The “Triplets” think they know how the last day of school will go on Tuesday.
They’ll bring plenty of tissues, and they’ll walk to each of the classrooms and say goodbye, and they’ll shed plenty of tears, they say.
And when it’s all over, three educators with a combined 89 1/2 years’ experience will leave Rama Road Elementary, the only school where they’ve ever worked and a place they’ve come to know as home.
“It will be a difficult day,” says Cathy Hartley, one of the three Rama Road teacher assistants known as the Triplets. “We know we’ll be saying goodbye to a lot of students we’ll never see again.”
Digital Access for only $0.99
For the most comprehensive local coverage, subscribe today.
Tuesday is the final day of the 2013-14 academic year for Charlotte-Mecklenburg Schools and most in North Carolina, although a few systems, like in Union County, will finish Wednesday. The last day of school typically is full of farewells, and there is always a group of educators calling it quits.
But rarely do the farewells include such an experienced group as at Rama Road Elementary. Add in teachers Sheila Johnson and Vera Hern, and the five retirees total more than 140 years as educators.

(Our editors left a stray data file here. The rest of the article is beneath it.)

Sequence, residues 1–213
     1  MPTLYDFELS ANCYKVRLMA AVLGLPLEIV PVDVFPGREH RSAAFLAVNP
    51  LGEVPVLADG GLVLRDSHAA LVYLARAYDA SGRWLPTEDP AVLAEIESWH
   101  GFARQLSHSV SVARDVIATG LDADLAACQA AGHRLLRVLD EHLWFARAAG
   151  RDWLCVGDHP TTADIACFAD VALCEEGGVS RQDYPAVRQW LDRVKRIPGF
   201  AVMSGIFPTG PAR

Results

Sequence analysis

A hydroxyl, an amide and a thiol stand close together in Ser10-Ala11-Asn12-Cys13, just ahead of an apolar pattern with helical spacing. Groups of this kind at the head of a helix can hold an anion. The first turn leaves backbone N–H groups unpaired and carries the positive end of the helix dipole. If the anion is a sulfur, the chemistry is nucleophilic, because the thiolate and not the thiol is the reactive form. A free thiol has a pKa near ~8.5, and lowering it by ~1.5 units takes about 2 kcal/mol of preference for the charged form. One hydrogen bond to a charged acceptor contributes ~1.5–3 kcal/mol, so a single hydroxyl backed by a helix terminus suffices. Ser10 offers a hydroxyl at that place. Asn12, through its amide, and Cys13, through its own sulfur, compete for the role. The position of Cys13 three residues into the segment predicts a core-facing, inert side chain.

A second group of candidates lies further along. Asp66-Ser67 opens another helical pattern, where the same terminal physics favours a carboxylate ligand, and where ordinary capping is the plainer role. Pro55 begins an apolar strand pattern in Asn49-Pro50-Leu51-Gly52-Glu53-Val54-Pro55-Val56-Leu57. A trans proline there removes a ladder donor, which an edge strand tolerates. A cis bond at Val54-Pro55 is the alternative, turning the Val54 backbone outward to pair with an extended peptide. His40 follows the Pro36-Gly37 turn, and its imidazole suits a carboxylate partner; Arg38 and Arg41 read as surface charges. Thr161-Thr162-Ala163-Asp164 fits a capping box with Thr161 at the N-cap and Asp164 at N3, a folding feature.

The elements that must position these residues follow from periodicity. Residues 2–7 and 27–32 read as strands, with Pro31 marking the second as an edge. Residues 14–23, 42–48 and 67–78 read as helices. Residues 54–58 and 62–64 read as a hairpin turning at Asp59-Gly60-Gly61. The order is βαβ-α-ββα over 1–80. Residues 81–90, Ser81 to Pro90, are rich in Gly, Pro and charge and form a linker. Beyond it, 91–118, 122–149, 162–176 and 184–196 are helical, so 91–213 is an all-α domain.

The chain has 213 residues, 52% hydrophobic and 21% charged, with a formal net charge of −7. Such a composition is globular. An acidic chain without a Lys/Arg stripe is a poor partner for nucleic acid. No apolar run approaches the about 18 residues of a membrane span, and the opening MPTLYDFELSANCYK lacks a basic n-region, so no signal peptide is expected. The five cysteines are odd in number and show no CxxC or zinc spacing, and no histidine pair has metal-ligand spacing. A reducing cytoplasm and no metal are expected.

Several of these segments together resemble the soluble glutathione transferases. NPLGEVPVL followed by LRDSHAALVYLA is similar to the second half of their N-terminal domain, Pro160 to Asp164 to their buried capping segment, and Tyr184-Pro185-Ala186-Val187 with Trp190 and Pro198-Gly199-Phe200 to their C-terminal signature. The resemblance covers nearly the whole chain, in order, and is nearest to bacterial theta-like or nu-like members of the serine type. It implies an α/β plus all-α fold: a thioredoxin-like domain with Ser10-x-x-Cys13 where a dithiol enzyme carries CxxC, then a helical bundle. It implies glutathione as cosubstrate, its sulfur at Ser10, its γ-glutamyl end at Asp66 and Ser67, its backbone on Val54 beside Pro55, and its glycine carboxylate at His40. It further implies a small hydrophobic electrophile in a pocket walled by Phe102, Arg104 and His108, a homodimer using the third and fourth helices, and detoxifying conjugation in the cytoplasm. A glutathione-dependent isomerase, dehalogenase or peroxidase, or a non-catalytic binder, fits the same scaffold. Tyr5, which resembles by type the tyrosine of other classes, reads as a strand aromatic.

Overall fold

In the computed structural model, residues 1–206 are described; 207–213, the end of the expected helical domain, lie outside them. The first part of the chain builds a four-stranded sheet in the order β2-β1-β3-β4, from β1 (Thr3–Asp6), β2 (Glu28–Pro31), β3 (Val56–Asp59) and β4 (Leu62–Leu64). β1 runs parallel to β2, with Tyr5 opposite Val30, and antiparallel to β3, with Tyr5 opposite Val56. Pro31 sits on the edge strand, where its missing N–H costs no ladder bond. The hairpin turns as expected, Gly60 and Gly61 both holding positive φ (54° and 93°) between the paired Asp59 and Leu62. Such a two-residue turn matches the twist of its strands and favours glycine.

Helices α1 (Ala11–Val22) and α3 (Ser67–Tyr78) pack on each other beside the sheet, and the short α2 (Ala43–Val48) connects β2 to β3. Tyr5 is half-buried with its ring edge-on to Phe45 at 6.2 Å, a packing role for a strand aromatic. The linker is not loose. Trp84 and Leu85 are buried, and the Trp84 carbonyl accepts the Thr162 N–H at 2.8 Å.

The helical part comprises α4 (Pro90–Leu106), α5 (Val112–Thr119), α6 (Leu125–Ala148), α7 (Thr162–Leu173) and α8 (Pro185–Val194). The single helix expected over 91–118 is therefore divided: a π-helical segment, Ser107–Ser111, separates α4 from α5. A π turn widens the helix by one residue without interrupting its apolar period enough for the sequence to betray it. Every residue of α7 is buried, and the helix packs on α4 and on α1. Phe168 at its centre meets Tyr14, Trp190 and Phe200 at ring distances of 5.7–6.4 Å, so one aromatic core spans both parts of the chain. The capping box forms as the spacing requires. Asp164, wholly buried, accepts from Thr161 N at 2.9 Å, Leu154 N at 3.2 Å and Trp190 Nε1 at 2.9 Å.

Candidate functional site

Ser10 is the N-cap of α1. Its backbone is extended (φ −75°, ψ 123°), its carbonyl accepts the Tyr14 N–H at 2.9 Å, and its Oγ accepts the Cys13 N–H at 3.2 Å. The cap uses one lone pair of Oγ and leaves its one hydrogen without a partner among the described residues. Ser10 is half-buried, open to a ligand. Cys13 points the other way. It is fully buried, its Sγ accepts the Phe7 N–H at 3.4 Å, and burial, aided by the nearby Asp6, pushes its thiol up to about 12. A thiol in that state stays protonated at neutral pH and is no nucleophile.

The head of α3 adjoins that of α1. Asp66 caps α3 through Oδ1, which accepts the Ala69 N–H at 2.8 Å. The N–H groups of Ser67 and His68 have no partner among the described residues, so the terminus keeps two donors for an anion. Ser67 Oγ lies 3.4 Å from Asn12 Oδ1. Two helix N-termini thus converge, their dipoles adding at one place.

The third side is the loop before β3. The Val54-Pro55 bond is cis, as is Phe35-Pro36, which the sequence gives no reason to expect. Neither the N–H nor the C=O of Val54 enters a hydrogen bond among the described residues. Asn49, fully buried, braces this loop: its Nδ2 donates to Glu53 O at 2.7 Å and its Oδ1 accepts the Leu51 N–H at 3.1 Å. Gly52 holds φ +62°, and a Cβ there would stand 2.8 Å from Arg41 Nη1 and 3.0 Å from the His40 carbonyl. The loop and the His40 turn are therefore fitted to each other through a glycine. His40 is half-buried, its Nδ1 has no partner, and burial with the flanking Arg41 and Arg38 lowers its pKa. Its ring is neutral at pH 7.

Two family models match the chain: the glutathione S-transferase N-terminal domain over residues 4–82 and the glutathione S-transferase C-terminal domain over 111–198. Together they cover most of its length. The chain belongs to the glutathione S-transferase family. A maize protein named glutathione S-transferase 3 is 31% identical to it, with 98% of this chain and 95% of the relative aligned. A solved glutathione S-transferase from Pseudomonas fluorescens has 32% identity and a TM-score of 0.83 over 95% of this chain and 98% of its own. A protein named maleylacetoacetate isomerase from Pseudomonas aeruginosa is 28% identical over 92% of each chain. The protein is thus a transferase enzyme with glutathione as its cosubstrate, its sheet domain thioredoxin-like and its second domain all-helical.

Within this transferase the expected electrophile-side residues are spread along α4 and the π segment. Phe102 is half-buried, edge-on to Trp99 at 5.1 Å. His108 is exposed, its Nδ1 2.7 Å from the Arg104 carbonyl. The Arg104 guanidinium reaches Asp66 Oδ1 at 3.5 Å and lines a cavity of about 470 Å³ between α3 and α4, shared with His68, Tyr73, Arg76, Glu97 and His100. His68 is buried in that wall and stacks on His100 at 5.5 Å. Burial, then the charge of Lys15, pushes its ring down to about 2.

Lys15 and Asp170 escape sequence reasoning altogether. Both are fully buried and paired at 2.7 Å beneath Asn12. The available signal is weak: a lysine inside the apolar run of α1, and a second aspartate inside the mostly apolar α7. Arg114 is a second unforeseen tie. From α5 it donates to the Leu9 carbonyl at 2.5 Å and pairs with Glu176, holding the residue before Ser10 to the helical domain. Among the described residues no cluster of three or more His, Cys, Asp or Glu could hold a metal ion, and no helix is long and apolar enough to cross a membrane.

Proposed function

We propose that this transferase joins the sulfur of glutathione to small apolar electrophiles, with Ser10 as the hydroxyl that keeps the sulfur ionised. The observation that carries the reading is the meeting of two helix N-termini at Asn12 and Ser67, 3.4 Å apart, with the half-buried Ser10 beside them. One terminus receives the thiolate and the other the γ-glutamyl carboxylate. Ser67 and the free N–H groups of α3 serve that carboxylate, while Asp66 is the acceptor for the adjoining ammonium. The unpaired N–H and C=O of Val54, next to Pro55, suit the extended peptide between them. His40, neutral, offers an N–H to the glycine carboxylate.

“That’s really an amazing total, and they’ve been such a great resource,” says Principal Patricia Denny.
The Triplets actually are a pair of twins – Cathy and Donna Hartley – and good friend Cathy Fiola. Donna Hartley has been at Rama Road Elementary for 31 1/2 years. Cathy started a half-year later. Fiola has 27 years’ experience.
The Triplets have taught sons and daughters of students they had a generation ago. They laugh as they recall some of the strange things they’ve experienced in the past three decades. But they still get surprised – every day, they say.
“Just when you think you’ve seen it all, you see something new,” Donna Hartley says.
They say they probably would stay another year or two, but Rama Road Elementary will lose several staff positions for the 2014-15 academic year.
“We don’t want other people to lose their jobs because we’re here,” Fiola says. “We’ll collect our pensions.”
But it hasn’t been easy.
“The kids ask, ‘If you love Rama Road, why are you leaving?’ ” Fiola says. “How can you answer that?”
The school’s demographics have changed dramatically over 30 years. Once a largely white school, Rama Road Elementary is now a cultural melting pot. But the students haven’t changed, the Triplets say.
“They still want to learn,” Donna Hartley says.
“And they still need love,” Cathy Hartley adds.
The three have some advice for the people who will replace them.
“Don’t prejudge the kids based on what you’ve heard,” Fiola says. “Give every kid a chance.”
“Have patience,” Donna Hartley says.
“And love them,” her sister adds.